Cash-Only Savers Lose Thousands of Pounds Over the Past Decade

Savers who have kept £10,000 in cash over the past ten years have effectively lost out on £16,000 in returns, thanks to a combination of high inflation and low interest rates.

According to new analysis from investment firm Fidelity International, cash-only savers have paid a steep price for the historically low base rate, which has been stuck at either 0.5 per cent or 0.25 per cent since March 2009.

By contrast, the inflation rate has averaged 2.24 per cent over this period, meaning that a saver who placed £10,000 in a UK-based cash savings account would have seen their money eroded to just £8,256 in real terms.

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Fidelity analysts have calculated that if the same sum had been invested in the FTSE All Share, it would be worth £24,002 today, even after inflation has been taken into consideration.

Meanwhile, hopes are rapidly fading that the Bank of England’s Monetary Policy Committee (MPC) will finally raise the base rate during its next meeting on 2 August. Last week, weaker than expected inflation and earnings growth data sparked fears that the MPC will hold off on a new rate rise until the economy strengthens. This would mean at least three more months of low interest rates for savers.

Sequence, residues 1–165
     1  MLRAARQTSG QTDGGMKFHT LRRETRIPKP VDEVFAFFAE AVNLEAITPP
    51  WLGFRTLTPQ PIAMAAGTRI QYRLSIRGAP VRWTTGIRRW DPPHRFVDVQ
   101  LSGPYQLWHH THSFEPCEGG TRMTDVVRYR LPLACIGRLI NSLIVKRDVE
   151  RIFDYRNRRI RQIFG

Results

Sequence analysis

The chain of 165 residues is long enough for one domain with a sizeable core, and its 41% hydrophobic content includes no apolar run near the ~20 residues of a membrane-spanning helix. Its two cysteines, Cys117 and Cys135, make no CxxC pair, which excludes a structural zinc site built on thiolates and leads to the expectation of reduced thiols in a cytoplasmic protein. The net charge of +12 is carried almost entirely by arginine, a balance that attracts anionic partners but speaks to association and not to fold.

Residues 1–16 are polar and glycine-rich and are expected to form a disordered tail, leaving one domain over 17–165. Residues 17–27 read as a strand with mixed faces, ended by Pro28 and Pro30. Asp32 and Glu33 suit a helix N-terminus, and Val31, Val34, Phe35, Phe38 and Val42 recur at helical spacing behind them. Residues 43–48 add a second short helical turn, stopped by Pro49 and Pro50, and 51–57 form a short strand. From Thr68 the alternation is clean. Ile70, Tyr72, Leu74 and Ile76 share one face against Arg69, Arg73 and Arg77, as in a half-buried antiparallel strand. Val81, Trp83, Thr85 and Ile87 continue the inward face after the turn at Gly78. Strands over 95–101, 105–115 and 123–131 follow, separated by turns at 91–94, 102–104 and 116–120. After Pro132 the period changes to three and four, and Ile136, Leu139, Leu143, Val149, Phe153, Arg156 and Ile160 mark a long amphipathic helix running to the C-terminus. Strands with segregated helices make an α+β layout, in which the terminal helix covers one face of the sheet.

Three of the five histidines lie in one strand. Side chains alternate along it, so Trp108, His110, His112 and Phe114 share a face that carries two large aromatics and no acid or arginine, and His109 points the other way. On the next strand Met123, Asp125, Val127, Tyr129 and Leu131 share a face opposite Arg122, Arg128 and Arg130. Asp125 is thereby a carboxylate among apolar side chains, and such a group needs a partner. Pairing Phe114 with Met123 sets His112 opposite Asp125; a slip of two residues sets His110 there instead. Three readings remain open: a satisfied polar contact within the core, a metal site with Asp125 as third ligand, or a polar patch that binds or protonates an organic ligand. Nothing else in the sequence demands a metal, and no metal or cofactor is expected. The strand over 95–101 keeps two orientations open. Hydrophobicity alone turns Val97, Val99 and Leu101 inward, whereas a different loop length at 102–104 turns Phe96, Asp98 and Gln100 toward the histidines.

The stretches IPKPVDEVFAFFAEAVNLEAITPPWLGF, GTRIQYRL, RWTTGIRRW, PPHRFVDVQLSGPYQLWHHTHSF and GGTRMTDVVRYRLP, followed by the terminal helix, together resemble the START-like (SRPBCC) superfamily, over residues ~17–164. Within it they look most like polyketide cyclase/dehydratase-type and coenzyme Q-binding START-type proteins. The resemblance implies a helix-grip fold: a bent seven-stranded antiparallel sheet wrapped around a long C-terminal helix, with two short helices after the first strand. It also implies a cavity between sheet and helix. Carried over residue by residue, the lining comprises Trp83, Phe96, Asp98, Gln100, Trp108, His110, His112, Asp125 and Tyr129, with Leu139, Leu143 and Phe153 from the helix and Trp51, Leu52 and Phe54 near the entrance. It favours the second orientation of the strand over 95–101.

“This should be act as a wakeup call for anyone with sizeable chunks of money in cash savings accounts,” said Tom Stevenson, investment director for Personal Investing at Fidelity International. “While there may be a few cash accounts out there that offer inflation beating interest rates they often only last for 12 months and come with a number of restrictions.

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“Over the medium- long term then, keeping large sums in cash is almost a sure-fire way to erode the value of your savings. With this in mind and with inflation likely to outpace interest rates for some time to come, the stock market continues to be your best bet for generating inflation-beating returns.

“While investing in stocks and shares may be more risky than keeping your money in cash, history shows that over the long run equities have significantly outperformed cash and continue to be the sensible choice for anyone looking for long-term real returns.”


Also published on Medium.

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Last updated: August 3rd, 2018

Kathryn Gaw

Kathryn Gaw is a financial journalist based in Belfast, Northern Ireland. She has been writing about personal finance and investment trends for more than a decade, and her work has been featured in the Financial Times, City A.M., the Press Association, and The Irish Independent, among many other publications.

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